When the package arrived I raced home, eager to show the kitties their special surprise. I roused their furry comatose forms and plopped them by the TV. As the Cat DVD began to play, they briefly glanced up at the television and promptly fell back to sleep. I turned the sound up and jostled them a bit to try to get them more awake and interested in all the fun they were missing on the screen. Alas, my cats were completely indifferent.

I tried again several times over the space of a month, with near identical results. My cats were just not interested in virtual fluttering butterflies and scampering creatures. In fact, I actually enjoyed this Pet Sitter DVD more than they did! Perhaps my cats are just über-intelligent creatures who know they wouldn’t be able to catch those birds no matter how hard they tried. More likely, they just prefer their sleep-induced dreams, where they can be “master hunter of their domain” for hours on end.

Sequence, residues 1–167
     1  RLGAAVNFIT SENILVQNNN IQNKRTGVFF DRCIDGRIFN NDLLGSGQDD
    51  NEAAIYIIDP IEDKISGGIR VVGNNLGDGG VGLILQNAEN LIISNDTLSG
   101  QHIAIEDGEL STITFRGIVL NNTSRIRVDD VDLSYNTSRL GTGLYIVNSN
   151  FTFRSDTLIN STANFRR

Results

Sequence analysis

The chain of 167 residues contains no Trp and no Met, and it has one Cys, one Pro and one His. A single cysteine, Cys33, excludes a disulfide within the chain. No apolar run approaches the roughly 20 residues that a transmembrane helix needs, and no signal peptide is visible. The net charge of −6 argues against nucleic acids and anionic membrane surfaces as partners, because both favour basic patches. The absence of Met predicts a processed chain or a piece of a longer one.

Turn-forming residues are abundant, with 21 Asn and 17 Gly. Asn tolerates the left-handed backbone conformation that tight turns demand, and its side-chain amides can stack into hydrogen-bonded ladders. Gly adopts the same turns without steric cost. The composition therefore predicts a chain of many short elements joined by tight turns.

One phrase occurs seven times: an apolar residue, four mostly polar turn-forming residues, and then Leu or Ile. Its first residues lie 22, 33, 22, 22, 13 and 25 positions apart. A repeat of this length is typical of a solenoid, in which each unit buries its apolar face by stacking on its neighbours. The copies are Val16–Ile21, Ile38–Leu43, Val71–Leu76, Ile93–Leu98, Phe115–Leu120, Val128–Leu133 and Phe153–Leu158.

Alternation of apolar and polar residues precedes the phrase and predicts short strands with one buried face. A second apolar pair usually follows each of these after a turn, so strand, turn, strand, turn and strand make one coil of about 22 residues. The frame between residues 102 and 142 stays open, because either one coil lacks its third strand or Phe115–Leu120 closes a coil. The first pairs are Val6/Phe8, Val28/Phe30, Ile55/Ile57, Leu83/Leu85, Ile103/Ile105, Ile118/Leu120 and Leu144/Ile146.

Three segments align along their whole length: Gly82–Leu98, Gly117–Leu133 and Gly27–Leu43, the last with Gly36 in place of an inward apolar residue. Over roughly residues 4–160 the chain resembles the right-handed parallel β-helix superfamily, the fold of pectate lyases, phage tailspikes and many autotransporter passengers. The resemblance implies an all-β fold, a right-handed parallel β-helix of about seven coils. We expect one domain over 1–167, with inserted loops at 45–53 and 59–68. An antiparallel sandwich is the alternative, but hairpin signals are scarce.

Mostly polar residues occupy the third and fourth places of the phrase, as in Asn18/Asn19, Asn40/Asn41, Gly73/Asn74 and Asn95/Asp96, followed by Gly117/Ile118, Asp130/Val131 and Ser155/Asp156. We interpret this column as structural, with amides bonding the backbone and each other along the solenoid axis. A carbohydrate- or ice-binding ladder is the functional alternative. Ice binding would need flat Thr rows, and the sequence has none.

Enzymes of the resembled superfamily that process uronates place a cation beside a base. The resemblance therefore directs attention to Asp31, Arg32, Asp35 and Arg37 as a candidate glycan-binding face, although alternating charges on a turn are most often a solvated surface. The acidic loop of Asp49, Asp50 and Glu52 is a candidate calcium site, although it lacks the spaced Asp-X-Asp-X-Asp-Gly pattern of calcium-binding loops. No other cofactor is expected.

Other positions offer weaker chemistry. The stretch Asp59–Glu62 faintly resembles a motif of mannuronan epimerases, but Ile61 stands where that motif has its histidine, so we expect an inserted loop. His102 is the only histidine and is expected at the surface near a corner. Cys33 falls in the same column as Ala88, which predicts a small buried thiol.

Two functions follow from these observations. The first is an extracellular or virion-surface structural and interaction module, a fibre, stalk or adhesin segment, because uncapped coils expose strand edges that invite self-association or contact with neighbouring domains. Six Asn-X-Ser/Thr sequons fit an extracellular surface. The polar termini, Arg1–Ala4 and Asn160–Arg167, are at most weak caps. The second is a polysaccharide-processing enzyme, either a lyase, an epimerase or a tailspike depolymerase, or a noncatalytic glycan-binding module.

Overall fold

If you want to see whether your cat or dog would be entertained by one of these Pet Sitter DVDs, you might check with your local library first. Many large municipal libraries carry a good selection of DVDs you can borrow for free. If they don’t have them, they can often get them for you through their inter-library loan system. Or, just order one online and give it to your pet for Christmas. Who knows – they might actually love it!

Read more articles by Julia Williams

Find CANIDAE Retailers Near You!

The personal opinions and/or use of trade, corporate or brand names, is for information and convenience only. Such use does not constitute an endorsement by CANIDAE® All Natural Pet Foods of any product or service. Opinions are those of the individual authors and not necessarily of CANIDAE® All Natural Pet Foods.

Do Pets Dream?

You’re quietly watching a scary movie late one night. It’s not too terribly scary because you have your faithful canine companion curled up on the sofa next to you, snoring contentedly. Suddenly, at the very spot in the movie that the “evil clown” attacks, your dog twitches and then falls off the couch. Popcorn flying, you’re convinced that the clown really is in the next room, but you’re too afraid to look because your pup is growling softly at, well, nothing….